Slamming Netanyahu, Israel Hayom journalist withdraws candidacy for Israel Prize

Dan Margalit criticizes prime minister's "blatant intervention in the Israel Prize."

Dan Margalit (photo credit: REUTERS)
Dan Margalit
(photo credit: REUTERS)
The controversy surrounding the 2015 Israel Prizes continued on Tuesday as Dan Margalit announced he was withdrawing his candidacy for the Lifetime Achievement in Journalism award.
Margalit, a well-known veteran journalist who writes for Israel Hayom, announced the decision via his Twitter account, leveling criticism against the refusal of Prime Minister Benjamin Netanyahu, acting as education minister, to confirm the memberships of three members of the judging committees – two for the Literature panel and one for the Theater panel. The prime minister said many of the judges were extremists and anti-Zionist. More judges and candidates resigned in protest earlier.
“Netanyahu’s blatant intervention in the Israel Prize was halted, and I think the judges and the candidates had to restore it to its former glory, but they refused and the prize remains contaminated,” Margalit wrote.
“Even the judges who returned retracted [their return] and resigned for good, and they are distinguished, for example [literary scholar] Nurit Gertz and others. As such, I am withdrawing my candidacy for the lifetime achievement in journalism and thank all those who nominated me,” he tweeted.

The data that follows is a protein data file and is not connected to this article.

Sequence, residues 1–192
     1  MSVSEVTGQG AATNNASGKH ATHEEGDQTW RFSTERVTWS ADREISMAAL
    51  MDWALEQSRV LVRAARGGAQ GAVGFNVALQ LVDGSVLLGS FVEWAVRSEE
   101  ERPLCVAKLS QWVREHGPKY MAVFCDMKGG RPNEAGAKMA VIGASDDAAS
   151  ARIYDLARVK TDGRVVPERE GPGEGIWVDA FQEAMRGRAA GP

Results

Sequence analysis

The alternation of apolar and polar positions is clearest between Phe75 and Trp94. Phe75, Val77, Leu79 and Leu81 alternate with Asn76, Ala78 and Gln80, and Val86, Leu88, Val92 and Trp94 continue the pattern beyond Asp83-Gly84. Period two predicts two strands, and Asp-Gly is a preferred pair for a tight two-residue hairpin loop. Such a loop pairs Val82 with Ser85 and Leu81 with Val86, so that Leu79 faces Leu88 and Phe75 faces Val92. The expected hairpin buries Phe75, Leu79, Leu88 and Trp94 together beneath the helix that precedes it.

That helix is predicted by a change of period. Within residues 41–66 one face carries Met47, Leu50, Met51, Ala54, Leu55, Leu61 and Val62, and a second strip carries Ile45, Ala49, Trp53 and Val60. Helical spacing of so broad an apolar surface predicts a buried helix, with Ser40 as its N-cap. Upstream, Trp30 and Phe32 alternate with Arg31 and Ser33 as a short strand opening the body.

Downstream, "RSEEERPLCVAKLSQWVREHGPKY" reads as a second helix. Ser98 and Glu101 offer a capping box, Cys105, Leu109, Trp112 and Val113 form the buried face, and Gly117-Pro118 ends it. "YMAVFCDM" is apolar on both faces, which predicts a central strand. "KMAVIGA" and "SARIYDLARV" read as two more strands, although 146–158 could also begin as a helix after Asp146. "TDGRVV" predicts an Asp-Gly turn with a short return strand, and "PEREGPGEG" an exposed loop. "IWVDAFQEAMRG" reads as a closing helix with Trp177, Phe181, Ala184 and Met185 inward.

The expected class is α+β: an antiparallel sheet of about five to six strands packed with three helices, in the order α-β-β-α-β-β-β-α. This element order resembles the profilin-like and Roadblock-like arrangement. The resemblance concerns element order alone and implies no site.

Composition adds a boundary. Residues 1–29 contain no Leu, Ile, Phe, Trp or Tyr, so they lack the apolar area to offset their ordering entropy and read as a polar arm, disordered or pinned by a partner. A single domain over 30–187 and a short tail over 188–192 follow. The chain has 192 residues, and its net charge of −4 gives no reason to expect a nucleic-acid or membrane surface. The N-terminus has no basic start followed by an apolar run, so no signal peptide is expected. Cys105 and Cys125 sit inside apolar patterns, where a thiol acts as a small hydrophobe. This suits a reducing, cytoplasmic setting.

On Monday night, Profs. Gertz, Nissim Kalderon and Ephraim Hazan announced they would not return to the judging panel for the Israel Prize in Literature.
“What Netanyahu did was a most blatant act. When it became clear to me that regardless, so many respected people are refusing to take part in the Israel Prize this year, that means the award really remains damaged,” Margalit told Army Radio on Tuesday.
Last week, the prime minister agreed to comply with the request of Attorney-General Yehuda Weinstein not to intervene in the Israel Prize process during the election period.
Weinstein’s instruction came after a week in which Netanyahu was severely criticized in the affair.
His office had rejected Profs. Avner Holtzman and Ariel Hirschfeld for the Literature Prize panel and filmmaker Chaim Sharir for the judge’s panel for the Israel Prize in Film.
The dismissals prompted the remaining members, comprised of leading authors and academics, to resign from the Literature panel, as they decried “the clear politicization of the prize.”
In addition, several noted authors and cultural icons, including Ruth Dayan, Haim Be’er, Sami Michael and David Grossman, withdrew their candidacies for the Literature Prize in protest.